Pandemics, Parenting, and Peace of Mind

By William Meyer, author of Healing Breath: A Guided Meditation through Nature for Kids

The first few months of the lockdown in 2020 were hard, real hard. As a parent of two little ones, our afternoons and weekends quickly went from playgrounds and play dates to iPads and Paw Patrol.  During the day, I’d find myself struggling to balance my own work with the online schooling responsibilities of my son. I would struggle with him to sit quietly in front of the computer for just a few short minutes as his preschool teacher taught a lesson on Zoom. However, this never worked out as I had hoped. Most sessions ended with the camera being shut off just before my son melted down. Making things worse was the tapestry of what appeared to be eighteen angelic faces, diligently following along with the teacher’s prompts, staring back at us. I found myself wondering what I was doing wrong.

As the months went by, I finally gave up trying to get him to sit for class. It just was not worth the emotional toll. However, without his schooling, I was left with a hopeless feeling. How was I going to occupy his days? The swimming pools and museums that used to fill our weekends were off limits. The mall, which had become a safe haven for early morning outings, was closed. Moreover, playdates with friends were simply out of the question. Without anything to do, I watched my son descend into an endless abyss of screen time.  It was only after a particularly trying outburst during an afternoon nap, when he had figured out how to weaponize the knob of his bedroom door and punctured a hole in the drywall, that I realized I needed to start thinking outside of the box, literally. 

I can still remember the first hike we took together. It was about forty minutes north of our house. For me, it was a chance to get him outside and be safely socially distanced. For him, it was an annoyance to his usual routine on the couch and in front of a screen. My expectations were low and my goal was simple: fill a few hours of his day before he inevitably returned to his IPad. After walking for only a few minutes, we soon found ourselves on a trail leading through the ruins of an old Civilian Conservation Corp community. It was new, but nothing surprising. As we moved deeper into the woods, past fallen trees, through ruins and rock scrambles, I started to notice a subtle shift in my son. At first, it was almost unnoticeable, a simple question here, a dash up the trail there, but as we continued deeper into the woods, the emotional dysregulation that often characterized our struggles in the virtual world started to subside. I realized that we were onto something, or better yet, into something.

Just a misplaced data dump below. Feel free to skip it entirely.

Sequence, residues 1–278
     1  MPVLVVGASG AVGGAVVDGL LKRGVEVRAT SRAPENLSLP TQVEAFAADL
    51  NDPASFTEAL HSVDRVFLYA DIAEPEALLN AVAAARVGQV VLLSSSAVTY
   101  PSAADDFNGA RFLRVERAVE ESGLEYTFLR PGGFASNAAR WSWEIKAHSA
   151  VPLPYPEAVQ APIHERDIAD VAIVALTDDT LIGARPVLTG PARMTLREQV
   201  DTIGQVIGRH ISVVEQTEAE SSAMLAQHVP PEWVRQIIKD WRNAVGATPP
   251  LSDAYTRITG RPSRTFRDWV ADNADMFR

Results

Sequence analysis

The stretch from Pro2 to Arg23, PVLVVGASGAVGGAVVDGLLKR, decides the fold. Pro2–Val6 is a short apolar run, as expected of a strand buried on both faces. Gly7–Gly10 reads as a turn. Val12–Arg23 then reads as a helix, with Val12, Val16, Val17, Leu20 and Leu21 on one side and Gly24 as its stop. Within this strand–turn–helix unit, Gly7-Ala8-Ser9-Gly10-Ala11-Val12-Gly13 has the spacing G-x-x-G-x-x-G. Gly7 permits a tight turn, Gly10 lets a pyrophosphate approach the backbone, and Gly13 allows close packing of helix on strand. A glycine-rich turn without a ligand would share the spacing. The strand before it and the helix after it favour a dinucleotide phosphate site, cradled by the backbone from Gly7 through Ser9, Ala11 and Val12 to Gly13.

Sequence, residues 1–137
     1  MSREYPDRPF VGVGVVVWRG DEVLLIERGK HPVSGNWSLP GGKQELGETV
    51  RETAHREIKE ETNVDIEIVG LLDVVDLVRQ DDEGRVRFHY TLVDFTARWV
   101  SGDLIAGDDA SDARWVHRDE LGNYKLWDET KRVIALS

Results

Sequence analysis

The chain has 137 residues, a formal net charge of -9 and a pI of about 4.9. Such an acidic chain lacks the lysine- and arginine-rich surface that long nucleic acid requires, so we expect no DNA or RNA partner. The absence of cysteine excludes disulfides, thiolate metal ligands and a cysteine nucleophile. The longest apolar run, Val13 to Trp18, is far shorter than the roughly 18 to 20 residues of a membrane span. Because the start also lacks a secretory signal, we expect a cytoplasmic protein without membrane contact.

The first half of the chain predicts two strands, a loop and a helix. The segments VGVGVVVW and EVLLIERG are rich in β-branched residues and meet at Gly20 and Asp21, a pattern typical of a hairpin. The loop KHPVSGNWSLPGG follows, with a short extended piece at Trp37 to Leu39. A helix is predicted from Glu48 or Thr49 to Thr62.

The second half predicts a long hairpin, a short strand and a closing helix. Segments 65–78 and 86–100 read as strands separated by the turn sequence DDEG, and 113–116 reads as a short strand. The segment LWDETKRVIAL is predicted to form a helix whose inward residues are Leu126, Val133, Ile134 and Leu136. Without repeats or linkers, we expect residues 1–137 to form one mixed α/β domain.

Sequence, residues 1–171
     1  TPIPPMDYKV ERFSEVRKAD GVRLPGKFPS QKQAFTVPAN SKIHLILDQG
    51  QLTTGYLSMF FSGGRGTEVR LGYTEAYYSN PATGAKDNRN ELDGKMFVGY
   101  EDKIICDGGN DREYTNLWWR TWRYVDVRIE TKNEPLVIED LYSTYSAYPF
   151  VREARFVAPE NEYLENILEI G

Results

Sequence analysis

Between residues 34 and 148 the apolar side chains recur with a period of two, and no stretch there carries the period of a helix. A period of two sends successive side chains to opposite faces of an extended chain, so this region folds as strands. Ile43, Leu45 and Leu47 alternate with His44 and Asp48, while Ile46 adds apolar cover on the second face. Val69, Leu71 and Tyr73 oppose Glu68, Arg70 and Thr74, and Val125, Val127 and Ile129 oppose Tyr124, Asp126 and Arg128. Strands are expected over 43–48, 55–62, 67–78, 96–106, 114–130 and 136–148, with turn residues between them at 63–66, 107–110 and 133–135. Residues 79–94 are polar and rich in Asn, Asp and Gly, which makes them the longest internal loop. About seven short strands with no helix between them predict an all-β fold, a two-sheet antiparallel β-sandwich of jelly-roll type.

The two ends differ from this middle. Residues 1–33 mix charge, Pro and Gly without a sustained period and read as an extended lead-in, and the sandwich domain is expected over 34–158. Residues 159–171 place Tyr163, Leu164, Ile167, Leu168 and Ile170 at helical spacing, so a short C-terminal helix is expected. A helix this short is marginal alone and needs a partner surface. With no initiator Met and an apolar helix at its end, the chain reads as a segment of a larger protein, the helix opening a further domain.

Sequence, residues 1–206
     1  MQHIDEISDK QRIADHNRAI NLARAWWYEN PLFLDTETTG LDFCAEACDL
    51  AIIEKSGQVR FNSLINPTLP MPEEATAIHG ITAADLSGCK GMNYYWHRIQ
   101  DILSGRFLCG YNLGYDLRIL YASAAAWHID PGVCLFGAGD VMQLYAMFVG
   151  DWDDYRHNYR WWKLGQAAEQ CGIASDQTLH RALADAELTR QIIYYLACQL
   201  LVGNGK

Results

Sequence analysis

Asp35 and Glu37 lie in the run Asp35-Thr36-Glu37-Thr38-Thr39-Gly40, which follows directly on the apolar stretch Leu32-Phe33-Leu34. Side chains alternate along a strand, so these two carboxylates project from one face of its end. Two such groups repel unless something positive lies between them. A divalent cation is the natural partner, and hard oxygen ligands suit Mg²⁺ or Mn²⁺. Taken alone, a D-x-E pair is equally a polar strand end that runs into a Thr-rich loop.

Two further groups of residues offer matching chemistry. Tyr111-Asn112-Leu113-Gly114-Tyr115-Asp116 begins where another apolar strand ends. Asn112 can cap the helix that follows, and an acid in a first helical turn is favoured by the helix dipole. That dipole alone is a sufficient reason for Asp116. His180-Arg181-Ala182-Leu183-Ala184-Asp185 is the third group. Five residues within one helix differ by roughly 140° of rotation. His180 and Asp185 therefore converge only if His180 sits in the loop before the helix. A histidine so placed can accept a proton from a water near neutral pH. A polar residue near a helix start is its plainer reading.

Over the next six months, weekends and weekday afternoons, every chance we got, I would take him on hikes in the woods, along mountain ridges, and through marshlands. We hiked every trail, every rock scramble, and every mountain we could find in the area. The more challenging the hike, the more excited he would become, often insisting we return the next weekend. The little boy who had so struggled in the virtual world had transformed into a curious little explorer in the natural one. The forest was a sensory playground of stimulation and grounding, a magical balance that seemed to meet his emotional, physical and sensory needs. In addition, the sense of stillness and balanced excitement that overcame him in the woods, lingered with him for hours, and sometimes-even days after.